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Are You an Anti-Vaxxer, Pro-Vaxxer or Wise-Vaxxer? What is the best way to vaccinate my dog?

Have you ever asked your Vet 'why does my pet need to be vaccinated every 12 months for multiple preventable illnesses like Distemper, Parvo and, Canine Hepatitis?'


The answer is usually along the lines of 'to prevent your pet from catching any of these diseases'.


Yes, this is 100% correct BUT does your pet need these multiple vaccinations every 12 months - or is their immunity sufficient enough to reduce the number of times you need to vaccinate?


Before you read on I categorise myself as a WISE VAXXER and firmly believe in getting all the facts before I choose to preform any procedure on either myself or my pets. And yes, my human family and my pet family are all vaccinated.


The term "anti-vaxxer" is unfortunately quite popular these days, in media and among countless professionals who should really be more careful choosing their words. It’s a term used to accurately describe people who are against all vaccines, both medical and veterinary.


Much more often, however, it’s used to demean those who are wisely cautious and ask questions about any chemical that goes into their bodies and the bodies of their family members, including their pets.


Anti-Vaxxers vs. Wise Vaxxers

People whose pets received the recommended puppy or kitten core vaccines and boosters at one year and now ask to have their pets titered (pronounced TIGHTER) instead of automatically revaccinated ("wise vaxxers"), are incorrectly being labeled as "anti-vaxxers" right along with people who refuse all vaccines, including puppy and kitten shots.


Wise-vaxxers and anti-vaxxers have very different and opposing viewpoints about the need for establishing protective immunity to core diseases in puppies and kittens.


I, along with a growing number of of people are hesitant to submit their pets to lifelong vaccinations that may not be needed and are simply concerned about the long-term immune health of their animals from over-vaccination — giving additional unnecessary vaccines when protective immunity has already been established.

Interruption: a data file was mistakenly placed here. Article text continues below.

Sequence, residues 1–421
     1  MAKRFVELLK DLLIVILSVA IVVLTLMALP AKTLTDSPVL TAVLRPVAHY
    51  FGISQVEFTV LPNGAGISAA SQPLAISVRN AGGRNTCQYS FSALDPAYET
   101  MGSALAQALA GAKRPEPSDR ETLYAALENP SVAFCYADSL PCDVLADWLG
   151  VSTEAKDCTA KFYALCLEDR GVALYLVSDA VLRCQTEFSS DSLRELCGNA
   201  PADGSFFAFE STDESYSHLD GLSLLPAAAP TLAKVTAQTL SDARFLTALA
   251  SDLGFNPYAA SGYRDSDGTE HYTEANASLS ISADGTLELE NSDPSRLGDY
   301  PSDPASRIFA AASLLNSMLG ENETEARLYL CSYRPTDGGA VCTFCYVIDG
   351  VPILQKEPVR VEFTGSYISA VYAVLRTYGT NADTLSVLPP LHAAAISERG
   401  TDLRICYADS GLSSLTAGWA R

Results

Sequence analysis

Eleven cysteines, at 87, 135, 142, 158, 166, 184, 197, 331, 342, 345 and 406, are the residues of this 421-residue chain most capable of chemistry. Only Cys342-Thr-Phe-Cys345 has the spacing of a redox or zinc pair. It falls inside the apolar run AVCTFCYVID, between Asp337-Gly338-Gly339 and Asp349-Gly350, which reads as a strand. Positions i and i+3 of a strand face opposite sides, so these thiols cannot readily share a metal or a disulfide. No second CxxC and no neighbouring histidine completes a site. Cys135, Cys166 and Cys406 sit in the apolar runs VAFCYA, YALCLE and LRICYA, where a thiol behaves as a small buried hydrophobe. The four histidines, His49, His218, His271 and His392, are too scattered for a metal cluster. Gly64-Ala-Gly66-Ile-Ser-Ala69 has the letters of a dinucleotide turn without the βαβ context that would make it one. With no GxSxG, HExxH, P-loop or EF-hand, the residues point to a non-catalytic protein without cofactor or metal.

Educated wise vaxxers want veterinarians to explain to them why their animals need to be "boosted" over and over again for the same diseases, when research demonstrates you can’t "boost" an already-immunized animal. However, there are clear risks reported from repeated vaccinations, including some types of cancer.


Additionally, well-informed wise-vaxxers intentionally seek out veterinarians who will perform vaccine antibody titer tests, which responsibly discerns animals that have been repeatedly vaccinated but are still not immunized (meaning their immune systems did not produce protective antibodies after vaccination so they are still at risk of getting the disease they’ve been repeatedly vaccinated for).


A titre test is a laboratory analysis that measures the level of antibodies in the blood, as well as the existence of bacteria or disease. It is used to determine if a dog is immune to a virus or whether they require vaccination for protection. Essentially, it helps reduce the risk of over-vaccination.


Titers also show what viruses pets are protected against, so more vaccines would serve no benefit.

Veterinarians faced with these questions can point to the latest American Animal Hospital Association (AAHA) vaccination guidelines for dogs and cats, but those guidelines don’t adequately address how long immunity actually lasts in vaccinated pets.


Unbelievably, it’s an area of research that has been virtually ignored by the veterinary community until very recently.


And can you guess who set the initial guidelines for annual veterinary vaccines decades ago? The pharmaceutical companies that manufacture those vaccines. Companies arbitrarily set annual revaccination schedules without actually determining how long vaccines may protect pets.